Hitachi’s Autonomous Haulage System (AHS) leverages technologies developed for the company’s automotive and railroad solutions, as well as Wenco’s fleet management and dispatch system to increase productivity and lower the total cost of ownership.
The system features automated navigation and route optimisation; the ability to negotiate traffic conditions; optimised accelerating, braking and steering control, site awareness and forward collision warning; and the Wenco fleet management system for overall supervisor control.
Craig Lamarque, division manager, Hitachi Construction Machinery – Americas, said: “Our autonomous haulage system results in a truck that can determine the most efficient paths without constant communication with traffic control. We’ve also included components that make it possible to convert any Hitachi AC-3 truck bought today to AHS in the future.”
Hitachi’s trolley technology utilises DC-powered overhead lines to power trucks up hills. When the truck operator connects to the line, the hauler switches to trolley power, resulting in an increase in speed up the grade versus engine power alone. This increases productivity, lowers costs and reduces noise and diesel exhaust emissions.
The system consists of two parts: the infrastructure and the trolley-equipped AC-drive haul trucks that have been configured for the system. Hitachi’s system is currently installed in 109 units worldwide.
The Trolley Truck option is available for all Hitachi AC-Drive trucks and is packaged entirely by Hitachi – from components to support.
The new Aerial Angle peripheral vision display system with object detection technology enhances visibility for operators and alerts them to objects in close proximity to the haul truck on job sites. It consists of two main components: a peripheral vision system with object detection technology and a forward collision warning system.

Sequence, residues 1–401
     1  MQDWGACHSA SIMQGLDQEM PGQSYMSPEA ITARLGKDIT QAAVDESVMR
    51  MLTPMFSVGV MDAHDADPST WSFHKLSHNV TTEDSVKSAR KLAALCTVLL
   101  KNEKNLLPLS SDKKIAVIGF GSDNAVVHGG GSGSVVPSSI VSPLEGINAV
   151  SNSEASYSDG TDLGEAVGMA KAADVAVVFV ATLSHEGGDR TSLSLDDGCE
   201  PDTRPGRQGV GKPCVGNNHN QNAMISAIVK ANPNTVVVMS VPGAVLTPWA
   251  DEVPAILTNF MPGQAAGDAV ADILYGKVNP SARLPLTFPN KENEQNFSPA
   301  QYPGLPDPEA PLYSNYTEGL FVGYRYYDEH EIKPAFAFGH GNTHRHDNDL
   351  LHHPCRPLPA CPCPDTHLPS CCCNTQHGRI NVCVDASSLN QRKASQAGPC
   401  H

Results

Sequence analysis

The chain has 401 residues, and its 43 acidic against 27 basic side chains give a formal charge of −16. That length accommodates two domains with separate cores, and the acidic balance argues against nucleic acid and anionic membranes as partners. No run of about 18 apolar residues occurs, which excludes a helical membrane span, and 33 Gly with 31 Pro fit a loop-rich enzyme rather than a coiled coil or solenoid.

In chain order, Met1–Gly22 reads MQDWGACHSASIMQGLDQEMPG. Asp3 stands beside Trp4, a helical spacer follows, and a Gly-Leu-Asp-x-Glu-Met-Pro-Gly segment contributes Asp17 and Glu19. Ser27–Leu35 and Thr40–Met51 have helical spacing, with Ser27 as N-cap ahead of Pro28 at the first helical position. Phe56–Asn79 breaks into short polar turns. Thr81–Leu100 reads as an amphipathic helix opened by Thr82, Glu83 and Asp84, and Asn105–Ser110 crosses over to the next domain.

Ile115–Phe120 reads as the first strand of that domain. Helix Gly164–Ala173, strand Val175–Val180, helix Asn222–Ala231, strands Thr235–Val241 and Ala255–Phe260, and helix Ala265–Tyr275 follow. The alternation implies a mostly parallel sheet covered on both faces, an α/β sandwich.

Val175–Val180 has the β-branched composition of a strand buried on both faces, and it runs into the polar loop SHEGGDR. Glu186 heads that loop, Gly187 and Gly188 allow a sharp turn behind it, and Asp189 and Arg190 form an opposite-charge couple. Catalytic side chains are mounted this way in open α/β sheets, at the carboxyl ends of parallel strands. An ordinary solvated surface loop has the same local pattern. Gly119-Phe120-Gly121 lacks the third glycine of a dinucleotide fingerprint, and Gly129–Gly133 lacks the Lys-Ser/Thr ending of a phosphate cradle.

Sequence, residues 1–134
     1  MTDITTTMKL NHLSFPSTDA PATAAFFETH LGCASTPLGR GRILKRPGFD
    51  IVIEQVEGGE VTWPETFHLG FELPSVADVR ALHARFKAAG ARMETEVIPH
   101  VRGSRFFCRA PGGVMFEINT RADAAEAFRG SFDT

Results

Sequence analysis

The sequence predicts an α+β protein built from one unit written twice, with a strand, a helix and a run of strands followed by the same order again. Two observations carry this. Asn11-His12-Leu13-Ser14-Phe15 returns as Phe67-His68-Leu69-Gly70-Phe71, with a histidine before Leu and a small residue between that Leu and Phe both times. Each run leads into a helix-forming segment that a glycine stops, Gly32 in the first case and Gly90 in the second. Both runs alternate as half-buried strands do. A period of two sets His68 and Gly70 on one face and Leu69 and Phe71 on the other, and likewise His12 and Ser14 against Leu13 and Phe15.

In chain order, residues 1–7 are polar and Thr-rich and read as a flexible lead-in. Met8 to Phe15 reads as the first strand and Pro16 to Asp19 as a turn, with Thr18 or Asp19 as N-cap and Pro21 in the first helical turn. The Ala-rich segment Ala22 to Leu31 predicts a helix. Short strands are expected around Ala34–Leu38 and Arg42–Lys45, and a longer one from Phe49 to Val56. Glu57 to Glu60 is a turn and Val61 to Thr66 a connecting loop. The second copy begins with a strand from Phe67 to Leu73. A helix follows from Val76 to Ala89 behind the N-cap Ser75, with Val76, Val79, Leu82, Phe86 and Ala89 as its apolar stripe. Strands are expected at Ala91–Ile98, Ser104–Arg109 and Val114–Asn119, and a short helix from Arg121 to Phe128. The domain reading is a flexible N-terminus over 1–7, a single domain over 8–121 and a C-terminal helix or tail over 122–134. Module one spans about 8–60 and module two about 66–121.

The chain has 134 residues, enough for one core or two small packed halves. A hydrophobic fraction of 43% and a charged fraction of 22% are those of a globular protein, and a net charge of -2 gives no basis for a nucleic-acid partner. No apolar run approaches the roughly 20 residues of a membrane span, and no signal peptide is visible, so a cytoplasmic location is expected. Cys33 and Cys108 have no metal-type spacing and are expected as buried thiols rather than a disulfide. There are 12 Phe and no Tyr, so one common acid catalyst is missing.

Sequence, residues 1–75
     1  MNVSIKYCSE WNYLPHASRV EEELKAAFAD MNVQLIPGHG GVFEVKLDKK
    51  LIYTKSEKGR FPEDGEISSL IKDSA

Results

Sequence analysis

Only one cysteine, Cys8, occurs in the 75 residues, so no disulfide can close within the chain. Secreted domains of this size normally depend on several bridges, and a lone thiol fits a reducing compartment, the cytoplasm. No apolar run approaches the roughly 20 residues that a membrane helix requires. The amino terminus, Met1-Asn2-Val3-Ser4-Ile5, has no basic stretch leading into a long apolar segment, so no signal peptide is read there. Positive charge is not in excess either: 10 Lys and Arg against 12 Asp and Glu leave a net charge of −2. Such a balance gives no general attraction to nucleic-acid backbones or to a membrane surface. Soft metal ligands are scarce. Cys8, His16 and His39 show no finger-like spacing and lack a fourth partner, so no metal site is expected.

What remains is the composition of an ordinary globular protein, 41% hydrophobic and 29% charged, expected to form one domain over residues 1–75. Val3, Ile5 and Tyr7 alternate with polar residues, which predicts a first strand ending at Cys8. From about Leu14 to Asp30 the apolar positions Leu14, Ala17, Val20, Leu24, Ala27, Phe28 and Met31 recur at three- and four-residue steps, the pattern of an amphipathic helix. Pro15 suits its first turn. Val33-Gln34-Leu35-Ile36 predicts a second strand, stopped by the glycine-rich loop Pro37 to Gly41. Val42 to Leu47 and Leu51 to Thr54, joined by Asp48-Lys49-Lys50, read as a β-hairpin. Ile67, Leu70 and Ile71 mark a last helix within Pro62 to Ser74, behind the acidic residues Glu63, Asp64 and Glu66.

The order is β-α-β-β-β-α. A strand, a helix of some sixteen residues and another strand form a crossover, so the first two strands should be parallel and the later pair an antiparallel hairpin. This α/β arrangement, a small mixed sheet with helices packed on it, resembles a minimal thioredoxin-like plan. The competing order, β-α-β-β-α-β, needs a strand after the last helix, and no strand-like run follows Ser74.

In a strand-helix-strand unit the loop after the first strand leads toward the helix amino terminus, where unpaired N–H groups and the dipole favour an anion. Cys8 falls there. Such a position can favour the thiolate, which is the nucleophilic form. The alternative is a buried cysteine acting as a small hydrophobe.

The peripheral vision system offers an overview of the machine’s surroundings by composing images from four exterior cameras in real time while the truck is in stationary mode. The monitor displays objects in close proximity to the truck and highlights the image on the screen for the operator. The system also provides and audible alert to the operator.
When the truck is travelling, the forward mode leverages millimetre wave radar to detect objects and warn the operator of a possible collision based on location of the object and speed of the truck. Operators are alerted to objects through audible sounds as well as flashing lights.
Hitachi’s recently introduced five mining electric-powered hydraulic shovels to the US and Latin American markets that feature an advanced electric-drive motor designed to provide a cost-effective solution to mining operations where low-cost electric power is available.
While Hitachi has been delivering electric powered excavators to other parts of the world for many years in countries with a 50Hz power supply, its engineers had to review US and Latin American countries’ specific safety regulations to ensure compliant operations in these countries with a 60Hz power supply.
The machines do not need costly consumables such as engine oil, filters, coolant or fan belts. Components related to an engine are also eliminated, such as radiators, air filters and mufflers.
Hitachi said the next generation of mining excavators, which will be released soon, will give customers the ability to choose which engine they want in their excavator. Next generation mining excavators in emissions-regulated countries like the US and Canada will have a Tier 4 final engine choice of Cummins or MTU depending on the model. For operations outside of an emissions-regulated country, there will be a non-certified version of both the MTU and Cummins engine choices.
The new excavators will also include: improved hydraulic system designs; advanced electronic controls on the hydraulic pumps, improving response and economic control of the pump; and increased efficiency of the pump and system operation, reducing fuel consumption and lowering operating costs.